Dial M for Murder was Grace Kelly’s first Hitchcock film, in which she plays the wife of Tony Wendince who intends on murdering her for their money. The whole film mainly takes place in the living room and for his Hitchcock’s third film in colour, his striking use of vivid colours ensures that our attention is locked on the one setting. In the first scene we see Kelly in an off-white, pale pink skirt and cardigan, having breakfast with her husband. Soon after we she wears bright red with Mark, her lover, and the contrast of those two scenes with her two partners, is very powerful. The costumes were designed by Edward Carrere and Margot’s wardrobe goes from bold to more muted and sombre as her innocence begins to be doubted.

Grace Kelly in Rear Window, 1954

Widely considered to be the apogee of Hitchcock’s career, Rear Window is one of the most visually delightful films in the director’s oeuvre and Grace Kelly’s costumes are unforgettable. Grace Kelly plays Lisa, the society girlfriend of wheelchair bound L.B. “Jeff” Jefferies who is waiting for his broken leg to mend. In her introductory scene Kelly leans into kiss Jeff and when the camera pulls back, we see Lisa properly for the first time, in a magnificent dress, confirming that she is a very wealthy woman. She describes her dress as “fresh from the Paris plane”, with a fitted black bodice, off the shoulder, deep V neckline, cap sleeves, and a mid-calf New Look full skirt.

Cary Grant and Grace Kelly in To Catch A Thief, 1955

To Catch A Thief is arguably one of the most stylish film of all time with the beautiful costumes again designed by Edith Head and set against the stunning backdrop of the French Riviera. Grace Kelly and Edith Head were close friends and Kelly was also Edith’s muse. However, Grant chose his own outfits as he typically did for his films, later explaining “generally I wore simple, tasteful clothes – the same kind of clothes I wear off screen.”

Cary Grant and Eva Marie Saint in North By Northwest, 1959

The suit worn by Cary Grant’s character Roger O. Thornhill in North By Northwest is one of the most iconic men’s looks in the history of cinema. It was based on the shape of the American sack suit and features a glen check. Grant wore it with a white shirt, a gunmetal grey tie, long grey socks and oxblood shoes, creating a look that is as stylish and elegant now as it was then in the late 50s.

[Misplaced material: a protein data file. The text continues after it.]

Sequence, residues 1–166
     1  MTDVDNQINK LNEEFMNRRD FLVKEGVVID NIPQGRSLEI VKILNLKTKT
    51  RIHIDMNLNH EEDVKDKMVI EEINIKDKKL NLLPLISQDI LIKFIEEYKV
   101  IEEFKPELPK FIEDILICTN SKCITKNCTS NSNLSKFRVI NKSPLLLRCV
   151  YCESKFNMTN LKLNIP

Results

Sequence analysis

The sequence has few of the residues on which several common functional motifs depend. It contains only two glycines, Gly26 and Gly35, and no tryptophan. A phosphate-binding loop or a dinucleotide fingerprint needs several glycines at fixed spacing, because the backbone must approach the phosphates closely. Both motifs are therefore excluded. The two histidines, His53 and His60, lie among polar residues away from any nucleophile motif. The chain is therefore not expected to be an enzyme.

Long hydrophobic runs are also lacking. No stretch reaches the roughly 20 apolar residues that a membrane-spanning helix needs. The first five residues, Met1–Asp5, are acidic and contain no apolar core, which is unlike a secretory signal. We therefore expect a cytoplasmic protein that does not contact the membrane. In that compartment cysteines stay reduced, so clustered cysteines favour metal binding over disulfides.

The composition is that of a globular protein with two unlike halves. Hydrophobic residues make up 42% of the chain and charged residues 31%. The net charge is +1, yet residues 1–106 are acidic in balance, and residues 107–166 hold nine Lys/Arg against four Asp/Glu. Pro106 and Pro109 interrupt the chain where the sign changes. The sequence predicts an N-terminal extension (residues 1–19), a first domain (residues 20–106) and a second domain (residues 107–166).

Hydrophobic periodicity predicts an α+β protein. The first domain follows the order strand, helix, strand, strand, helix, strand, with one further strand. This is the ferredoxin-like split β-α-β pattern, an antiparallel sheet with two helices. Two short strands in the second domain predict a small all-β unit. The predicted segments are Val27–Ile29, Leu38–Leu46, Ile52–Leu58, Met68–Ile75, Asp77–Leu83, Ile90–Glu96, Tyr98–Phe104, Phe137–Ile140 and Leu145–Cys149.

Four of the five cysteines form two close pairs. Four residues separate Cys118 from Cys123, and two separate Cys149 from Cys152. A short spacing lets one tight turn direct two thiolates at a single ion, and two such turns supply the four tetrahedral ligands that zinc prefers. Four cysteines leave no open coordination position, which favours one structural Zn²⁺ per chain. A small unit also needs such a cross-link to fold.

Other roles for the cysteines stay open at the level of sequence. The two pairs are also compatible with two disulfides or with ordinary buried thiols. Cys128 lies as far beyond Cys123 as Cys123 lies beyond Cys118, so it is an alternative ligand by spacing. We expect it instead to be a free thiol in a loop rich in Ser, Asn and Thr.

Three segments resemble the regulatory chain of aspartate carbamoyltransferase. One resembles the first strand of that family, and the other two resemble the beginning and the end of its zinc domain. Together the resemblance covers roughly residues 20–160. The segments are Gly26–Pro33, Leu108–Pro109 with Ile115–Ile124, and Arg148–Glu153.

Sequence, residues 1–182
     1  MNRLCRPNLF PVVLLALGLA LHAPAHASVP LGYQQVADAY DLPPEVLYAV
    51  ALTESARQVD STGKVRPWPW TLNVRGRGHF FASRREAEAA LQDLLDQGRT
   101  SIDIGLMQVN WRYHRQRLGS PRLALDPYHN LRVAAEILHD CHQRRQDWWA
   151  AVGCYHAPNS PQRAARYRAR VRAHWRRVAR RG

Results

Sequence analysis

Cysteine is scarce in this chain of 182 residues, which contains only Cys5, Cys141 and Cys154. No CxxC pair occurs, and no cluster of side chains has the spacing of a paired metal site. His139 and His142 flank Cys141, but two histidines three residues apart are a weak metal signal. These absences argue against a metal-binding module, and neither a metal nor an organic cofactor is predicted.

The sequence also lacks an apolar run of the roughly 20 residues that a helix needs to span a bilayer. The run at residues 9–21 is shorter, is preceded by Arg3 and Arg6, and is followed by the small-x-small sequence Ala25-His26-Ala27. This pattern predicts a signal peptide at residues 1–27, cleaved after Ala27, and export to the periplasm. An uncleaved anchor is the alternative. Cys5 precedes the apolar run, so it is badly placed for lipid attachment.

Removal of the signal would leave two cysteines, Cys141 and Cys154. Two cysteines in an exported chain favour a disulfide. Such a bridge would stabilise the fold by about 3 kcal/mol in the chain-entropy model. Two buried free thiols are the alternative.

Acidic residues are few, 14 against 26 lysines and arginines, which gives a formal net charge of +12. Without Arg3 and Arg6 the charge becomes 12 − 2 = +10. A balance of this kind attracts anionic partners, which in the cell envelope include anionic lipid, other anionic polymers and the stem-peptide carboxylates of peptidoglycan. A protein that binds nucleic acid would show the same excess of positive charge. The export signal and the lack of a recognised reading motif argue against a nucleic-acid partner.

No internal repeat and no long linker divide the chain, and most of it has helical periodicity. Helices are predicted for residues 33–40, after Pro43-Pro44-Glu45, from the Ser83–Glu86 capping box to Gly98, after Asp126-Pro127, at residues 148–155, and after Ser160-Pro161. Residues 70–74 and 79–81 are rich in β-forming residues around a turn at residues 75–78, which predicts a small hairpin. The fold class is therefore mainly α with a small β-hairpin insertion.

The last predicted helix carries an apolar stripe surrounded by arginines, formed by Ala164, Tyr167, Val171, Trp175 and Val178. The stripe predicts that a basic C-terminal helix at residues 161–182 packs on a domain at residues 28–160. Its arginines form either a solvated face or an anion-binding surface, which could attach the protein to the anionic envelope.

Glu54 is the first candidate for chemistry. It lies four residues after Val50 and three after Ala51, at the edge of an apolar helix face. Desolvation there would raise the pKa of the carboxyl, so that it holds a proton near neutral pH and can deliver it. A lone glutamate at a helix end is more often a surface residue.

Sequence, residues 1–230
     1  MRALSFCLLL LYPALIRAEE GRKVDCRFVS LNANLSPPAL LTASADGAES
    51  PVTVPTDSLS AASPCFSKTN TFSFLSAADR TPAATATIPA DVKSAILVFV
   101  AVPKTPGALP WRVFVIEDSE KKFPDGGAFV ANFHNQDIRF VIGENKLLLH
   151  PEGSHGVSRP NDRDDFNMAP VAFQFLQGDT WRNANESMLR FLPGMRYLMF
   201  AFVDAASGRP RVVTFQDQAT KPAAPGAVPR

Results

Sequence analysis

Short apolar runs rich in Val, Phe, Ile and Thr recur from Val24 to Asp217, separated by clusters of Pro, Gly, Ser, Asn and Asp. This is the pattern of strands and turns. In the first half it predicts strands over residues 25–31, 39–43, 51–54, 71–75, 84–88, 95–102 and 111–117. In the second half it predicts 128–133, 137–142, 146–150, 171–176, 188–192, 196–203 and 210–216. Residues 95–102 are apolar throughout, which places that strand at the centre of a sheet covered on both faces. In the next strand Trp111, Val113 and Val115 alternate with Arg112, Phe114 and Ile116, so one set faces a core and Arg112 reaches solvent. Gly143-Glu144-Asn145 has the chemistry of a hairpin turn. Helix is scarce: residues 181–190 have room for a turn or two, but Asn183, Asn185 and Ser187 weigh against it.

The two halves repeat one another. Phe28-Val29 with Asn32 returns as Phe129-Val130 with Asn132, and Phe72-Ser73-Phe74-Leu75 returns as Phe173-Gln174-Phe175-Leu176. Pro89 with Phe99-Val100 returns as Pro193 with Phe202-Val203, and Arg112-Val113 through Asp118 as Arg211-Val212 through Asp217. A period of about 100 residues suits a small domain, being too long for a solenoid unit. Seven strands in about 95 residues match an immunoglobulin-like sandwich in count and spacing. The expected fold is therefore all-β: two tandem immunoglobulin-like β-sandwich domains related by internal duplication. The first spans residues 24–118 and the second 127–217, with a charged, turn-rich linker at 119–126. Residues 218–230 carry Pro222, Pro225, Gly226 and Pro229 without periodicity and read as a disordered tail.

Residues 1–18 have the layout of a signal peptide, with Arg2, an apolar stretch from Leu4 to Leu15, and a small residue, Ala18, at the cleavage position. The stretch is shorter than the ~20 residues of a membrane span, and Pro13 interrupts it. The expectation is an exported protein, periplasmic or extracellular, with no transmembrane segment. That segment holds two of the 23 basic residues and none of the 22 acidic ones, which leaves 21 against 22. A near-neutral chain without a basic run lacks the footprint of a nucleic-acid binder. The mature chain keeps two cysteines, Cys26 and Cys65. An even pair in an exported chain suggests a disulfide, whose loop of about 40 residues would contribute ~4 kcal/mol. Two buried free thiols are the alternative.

Similarly, Eva Marie Sainther whose wardrobe was bought entirely from the shop floor at Bergdorf Goodman, displays a timeless elegance and the actress explained some time later, “[Hitchcock] didn’t want the picture to date because of the clothes. There’s not one outfit I couldn’t wear today with a few minor adjustments and not look stylish.”

Kim Novak in Vertigo, 1958

“I don’t wear suits, and I don’t wear grey. Another thing, I don’t wear black pumps,” Kim Novak stressed to Edith Head, the costume designer for Vertigo. However Hitchcock retorted, “I don’t care what she wears as long as it’s a grey suit,” when Edith relaid the conversation to him. Obviously Hitchcock won this fight and Novak did indeed wear a grey suit and black pumps for her iconic look in Vertigo.

Tippi Hedren in The Birds, 1963

Throughout The Birds Hedren wears just three outs, the most recognisable of which is the elegant wool crepe green suit she wears for the majority of the film, designed by Edith Head. It’s based on Head’s own design for Grace Kelly as Lisa Fremont in Rear Window. The green of Hedren’s two-piece mirrors the colour of the lovebirds that are featured in the opening scene of the film and Melanie’s smart attire sets her apart from the residents of Bodega Bay.

Tippi Hedren in Marnie, 1964

Throughout the film Hedren wears 32 outfits which far surpasses that worn by any other Hitchcock heroine. Clothing, hair and makeup play a significant part in the film, conveying shifting identities, gender relations and social status.